Observation #5: A militant group and the state can have very different goals in a conflict; thus at he same time, both may believe they are winning.
Back in 1999, I worked in Sri Lanka on a team that included Sharif Abdullah of the Commonway Institute. InÂ one of his many gems of wisdom,Â he observed that the LTTE’s goal for the war was to gain influence, while the GOSL’s goal was to control territory. GOSL said it was winning if it could control (or say it controlled) “uncleared areas”– territory formerly open to the LTTE. But LTTE said it was winning if it hurt GOSL and gained support among the Tamils.
This fundamental divergence of interests makes post-modern conflict more intractable: if both sides believe they are winning, then they have little incentive to stop fighting.
Observation #6: In a post-modern war, there can be no military victory without genocide.
This is another of Sharif’s insights. He said of the war in Sri Lanka in 1999, “As long as babies are being born, there will be more soldiers.” At the time, this was incredibly profound, because it touched on the new nature of war in post-modern times.
From kingdoms to nation states, the goal of war was to defeat the opposing military and replace the government. The people, it was assumed, would go along– and often enough, they did. Modern times gave us “total war,” in which the populace became militarized in factory production, and also became a legitimate military target. But the goal remained: defeat the military andÂ install a government to rule the people.
In post-modern war, conflict is often associated with a segment people, not a government. That segment may be ethnic, linguistic, or religious. The difference is, the segment is represented not by a government but by a militant group that relies, at least in some measure, on its identity with that segment for survival and success. It uses that segment not only for recruits and support, but for cover– the militants “hide” within the civilian population.Â Thus a war against that militant group is a war against the segment of people it represents. The militant group cannot be conquered militarily without destroying the segment itself as a recognizable identity.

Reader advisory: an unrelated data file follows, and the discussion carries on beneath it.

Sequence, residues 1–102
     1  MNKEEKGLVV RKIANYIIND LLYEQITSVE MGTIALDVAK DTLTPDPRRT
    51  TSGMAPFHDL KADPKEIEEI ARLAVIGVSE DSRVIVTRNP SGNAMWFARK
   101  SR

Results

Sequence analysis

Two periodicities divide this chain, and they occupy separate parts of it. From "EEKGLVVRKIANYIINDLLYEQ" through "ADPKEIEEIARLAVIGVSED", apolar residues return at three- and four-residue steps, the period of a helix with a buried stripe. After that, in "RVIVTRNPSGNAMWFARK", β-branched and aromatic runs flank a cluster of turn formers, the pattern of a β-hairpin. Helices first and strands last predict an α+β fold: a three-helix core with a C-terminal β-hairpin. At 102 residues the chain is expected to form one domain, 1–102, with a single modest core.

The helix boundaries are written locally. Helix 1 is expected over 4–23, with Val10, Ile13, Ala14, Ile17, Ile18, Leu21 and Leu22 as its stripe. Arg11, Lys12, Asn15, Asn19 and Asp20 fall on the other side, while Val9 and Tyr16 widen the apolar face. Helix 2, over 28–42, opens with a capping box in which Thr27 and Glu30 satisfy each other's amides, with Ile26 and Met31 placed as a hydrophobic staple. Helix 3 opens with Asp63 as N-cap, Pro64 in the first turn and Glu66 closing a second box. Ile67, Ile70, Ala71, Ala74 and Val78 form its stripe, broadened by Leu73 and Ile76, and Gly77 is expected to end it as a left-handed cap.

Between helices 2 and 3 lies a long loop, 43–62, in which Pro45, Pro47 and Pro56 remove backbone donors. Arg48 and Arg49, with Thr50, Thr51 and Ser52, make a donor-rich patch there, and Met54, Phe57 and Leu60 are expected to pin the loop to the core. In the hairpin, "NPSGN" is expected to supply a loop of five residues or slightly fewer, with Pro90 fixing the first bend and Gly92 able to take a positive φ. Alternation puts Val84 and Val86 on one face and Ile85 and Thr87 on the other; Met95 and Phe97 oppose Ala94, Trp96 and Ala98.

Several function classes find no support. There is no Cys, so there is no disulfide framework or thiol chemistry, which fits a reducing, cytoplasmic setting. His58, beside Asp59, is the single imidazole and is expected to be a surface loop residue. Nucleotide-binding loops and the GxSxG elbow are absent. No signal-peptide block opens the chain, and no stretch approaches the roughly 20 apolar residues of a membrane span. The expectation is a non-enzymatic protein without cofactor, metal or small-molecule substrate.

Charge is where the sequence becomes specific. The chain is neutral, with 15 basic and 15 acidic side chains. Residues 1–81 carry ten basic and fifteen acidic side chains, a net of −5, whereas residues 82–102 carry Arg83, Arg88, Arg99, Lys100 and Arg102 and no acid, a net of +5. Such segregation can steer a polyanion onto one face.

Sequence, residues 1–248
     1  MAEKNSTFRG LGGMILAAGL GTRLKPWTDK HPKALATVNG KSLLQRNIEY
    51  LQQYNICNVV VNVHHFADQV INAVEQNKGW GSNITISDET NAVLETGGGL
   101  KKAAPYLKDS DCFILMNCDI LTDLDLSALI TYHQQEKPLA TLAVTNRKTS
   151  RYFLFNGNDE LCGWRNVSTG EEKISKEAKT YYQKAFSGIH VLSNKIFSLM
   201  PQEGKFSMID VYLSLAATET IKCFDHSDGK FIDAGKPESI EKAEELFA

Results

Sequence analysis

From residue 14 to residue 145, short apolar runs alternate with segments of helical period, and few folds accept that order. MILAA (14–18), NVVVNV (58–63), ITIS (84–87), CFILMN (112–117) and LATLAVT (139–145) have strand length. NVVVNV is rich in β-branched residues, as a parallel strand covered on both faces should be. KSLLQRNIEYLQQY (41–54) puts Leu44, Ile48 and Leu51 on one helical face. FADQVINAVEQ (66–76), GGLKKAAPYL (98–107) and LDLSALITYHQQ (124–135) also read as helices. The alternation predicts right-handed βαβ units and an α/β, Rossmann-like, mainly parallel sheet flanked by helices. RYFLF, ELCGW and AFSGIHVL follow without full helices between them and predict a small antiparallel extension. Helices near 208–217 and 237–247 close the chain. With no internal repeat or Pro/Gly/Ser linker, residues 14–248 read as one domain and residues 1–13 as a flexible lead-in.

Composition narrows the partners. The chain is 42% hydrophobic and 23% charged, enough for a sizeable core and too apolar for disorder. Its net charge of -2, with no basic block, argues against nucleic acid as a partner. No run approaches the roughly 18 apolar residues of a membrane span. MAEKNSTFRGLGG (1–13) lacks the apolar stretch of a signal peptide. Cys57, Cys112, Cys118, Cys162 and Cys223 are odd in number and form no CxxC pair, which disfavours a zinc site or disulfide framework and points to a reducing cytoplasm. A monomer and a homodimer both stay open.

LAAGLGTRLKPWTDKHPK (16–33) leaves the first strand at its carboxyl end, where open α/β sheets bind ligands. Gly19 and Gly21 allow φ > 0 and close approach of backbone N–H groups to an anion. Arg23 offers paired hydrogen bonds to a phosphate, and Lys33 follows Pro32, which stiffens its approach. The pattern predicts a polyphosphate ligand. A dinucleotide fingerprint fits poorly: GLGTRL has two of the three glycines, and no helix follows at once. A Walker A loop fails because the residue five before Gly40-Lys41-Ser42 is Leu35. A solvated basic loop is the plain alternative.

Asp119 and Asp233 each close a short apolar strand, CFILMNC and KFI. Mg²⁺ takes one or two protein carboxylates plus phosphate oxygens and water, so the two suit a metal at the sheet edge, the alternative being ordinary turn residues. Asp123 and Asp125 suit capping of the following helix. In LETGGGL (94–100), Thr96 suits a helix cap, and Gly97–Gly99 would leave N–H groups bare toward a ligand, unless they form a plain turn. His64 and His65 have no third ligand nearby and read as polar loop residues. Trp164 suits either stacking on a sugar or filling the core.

In essence, this eliminates military action as a useful offensive tool. First, it can’t win, and second, as previously observed, it actually makes the militants stronger. Which suggests that a militant group must be “subdued” by non-military means.
Together, these two observations suggest another characteristic of post-modern war: it is self-perpetuating.Â Both sidesÂ believe that they are winning, but in actual fact the war cannot be won. If left to the combatants, the war will continue without end.